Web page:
Emanuel exploring pension bonds to minimize need for future tax hikes
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Mayor Rahm Emanuel’s administration is exploring the possibility of issuing “pension fund stabilization bonds” to minimize — but not eliminate — the need for another punishing round of post-election tax increases.
Emanuel has already imposed a $2 billion avalanche of tax increases, just to begin to solve Chicago’s $30 billion pension crisis.
Chicago taxpayers have endured a parade of property tax increases for police, fire and teacher pensions; two increases in the monthly tax tacked on to telephone bills, both cell phones and land lines; and a 29.5 percent surcharge on water and sewer bills.
More tax increases are on the way, but not until after the 2019 mayoral election.
That’s when the five-year ramp-up to actuarial funding will end and taxpayers will be on the hook to keep city employee pension funds on the road to 90 percent funding.
By 2023, the city’s contribution to all four funds will nearly double — from $1.2 billion this year to $2.1 billion, according to the city’s annual financial analysis.
Now, top mayoral aides are providing the first hint about how they intend to meet that daunting obligation.
Chief Financial Officer Carole Brown calls it “pension fund stabilization bonds.”
With dedicated funding sources now identified for all four city employee pension funds, the city would take a portion of its $28 billion in pension debt and finance it at an interest rate considerably lower than the 7-to-7.5 percent annual rate of return assumed by the four city employee pension funds.
“It wouldn’t eliminate the need to raise any more revenue for pensions. What it would do is greatly decrease the amount of additional new money we would have to raise,” Brown said.
“If I could say to Council and the mayor, `We should do this because we can do it at 5.5 percent,’ then I just saved the city 2 percent. … It would change the unfunded liability and change how much more [in] future payments the city would have to make. We would be paying that debt at a rate of 5 or 6 percent versus 7.5 percent.”
The idea of issuing pension bonds was first raised last week by Michael Sacks, the CEO of Grosvenor Capital Management who serves as Emanuel’s close friend, business adviser and largest campaign contributor.
It happened during an investors conference.
Sacks was making the same argument that Emanuel had already made to investors: That Chicago has more work to do to solve its pension crisis, but it’s manageable and the city is not getting the credit it deserves for its financial turnaround.
Sacks then walked investors through a solution to the post-election problem that has taxpayers bracing for the other shoe to drop: The leap in pension payments that will slap the city in the face shortly after the 2019 election.
“Properly and responsibly executed, a securitization for pensions does not incrementally increase risk and it isn’t additional debt. We owe that money today. To argue against considering this is to argue for massive tax increases or skipping pension payments,” Sacks wrote in an email to the Chicago Sun-Times.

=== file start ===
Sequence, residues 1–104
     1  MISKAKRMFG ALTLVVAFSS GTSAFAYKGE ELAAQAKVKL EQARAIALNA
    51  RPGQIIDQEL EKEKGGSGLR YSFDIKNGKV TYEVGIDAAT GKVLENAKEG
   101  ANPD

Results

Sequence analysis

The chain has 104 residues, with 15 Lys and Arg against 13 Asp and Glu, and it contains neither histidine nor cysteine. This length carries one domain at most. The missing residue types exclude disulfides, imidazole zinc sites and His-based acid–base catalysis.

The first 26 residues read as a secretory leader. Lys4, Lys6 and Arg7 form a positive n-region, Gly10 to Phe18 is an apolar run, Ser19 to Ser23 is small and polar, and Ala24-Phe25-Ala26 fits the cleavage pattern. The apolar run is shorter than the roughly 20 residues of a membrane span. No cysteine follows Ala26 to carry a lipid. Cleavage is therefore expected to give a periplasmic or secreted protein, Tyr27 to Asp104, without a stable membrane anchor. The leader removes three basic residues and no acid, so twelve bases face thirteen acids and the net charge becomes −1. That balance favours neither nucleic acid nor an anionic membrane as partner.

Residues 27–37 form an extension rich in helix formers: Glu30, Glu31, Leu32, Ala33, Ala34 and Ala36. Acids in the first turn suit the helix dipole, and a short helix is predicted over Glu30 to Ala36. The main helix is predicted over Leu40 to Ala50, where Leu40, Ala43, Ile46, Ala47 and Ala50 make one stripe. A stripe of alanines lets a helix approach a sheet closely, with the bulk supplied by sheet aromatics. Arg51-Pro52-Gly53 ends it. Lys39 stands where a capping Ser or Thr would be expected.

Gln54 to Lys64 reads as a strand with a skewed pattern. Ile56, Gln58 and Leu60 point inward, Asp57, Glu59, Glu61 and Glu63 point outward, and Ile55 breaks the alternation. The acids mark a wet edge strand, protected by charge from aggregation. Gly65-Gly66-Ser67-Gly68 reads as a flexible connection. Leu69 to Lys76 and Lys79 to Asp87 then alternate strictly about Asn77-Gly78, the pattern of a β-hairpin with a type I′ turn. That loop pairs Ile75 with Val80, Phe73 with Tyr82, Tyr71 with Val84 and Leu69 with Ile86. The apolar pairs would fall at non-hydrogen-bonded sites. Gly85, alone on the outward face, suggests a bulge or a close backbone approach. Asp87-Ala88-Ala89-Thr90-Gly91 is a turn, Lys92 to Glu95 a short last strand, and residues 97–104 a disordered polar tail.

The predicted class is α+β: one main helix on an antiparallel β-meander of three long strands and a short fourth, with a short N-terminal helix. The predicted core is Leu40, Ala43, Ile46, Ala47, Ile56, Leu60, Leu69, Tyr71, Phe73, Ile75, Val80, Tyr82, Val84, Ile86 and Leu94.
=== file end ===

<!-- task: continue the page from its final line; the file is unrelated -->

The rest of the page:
“If we commit those pension payments to a lower cost securitization, we save billions, avoid massive property tax increases, and get our pensions to 50% funded, all while making sure we don’t skip out on the payments again in the future. It would be silly not to explore the possibility.”
Brown said the Sacks presentation — using a “back-of-the-envelope” estimate of bonding out $10 billion in pension debt — left investors “a little surprised and a lot more comfortable that we’re gonna address the issues in a manageable way.”
“I don’t think people are looking at it like the world is gonna come crashing down in 2020,” Brown said.
“We raised a bunch of revenue to make the pension payment. That same revenue that we raised would back the bonds because we’re just refinancing it. But, we would need less revenue to make that same dollar payment because that interest cost is gonna be less.”
Mayoral challenger Paul Vallas, a former city budget director, said a pension bond that exceeds the size of the city’s annual budget would be “staggering.”
Vallas noted that Chicago “already has by far the highest per capita bonded indebtedness with junk-rated credit,” at least according to Moody’s Investors.
“Taxpayers in Illinois should well know pension obligation bonds are usually just another way of kicking the financial can down the road,” Vallas wrote in an email to the Chicago Sun-Times.
“Is Rahm really now proposing to use the Rod Blagojevich financial playbook on steroids? For a mayor who claims to be dealing head on with the City’s financial mess, this looks to be only adding to the City’s problems.”
Vallas accused Emanuel of “wasting five years pursuing a pension bailout plan that everyone knew would be rejected the Illinois Supreme Court.”
“His fumbling on this issue has already added untold millions to taxpayer’s obligations. Pension obligation bonds could well add even more to that tab,” he wrote.
Emanuel is already hoping to generate $94 million in savings both this year and next by isolating sales tax revenue in a special fund and using it to refinance $3 billion in city debt.
The “securitization” structure dramatically reduces borrowing costs because bondholders get paid first, even if the worst happens and the city goes bankrupt. Only after debt service is paid would sales tax revenue start to flow back to the city.
Vallas doesn’t think much of that idea, either.
He argued that the “desperate structure” has only been used “in times of major distress” in New York City during the 1970’s and in 2013 in Detroit.
“He has had to take these desperate measures because he has NOT solved our problems,” Vallas wrote.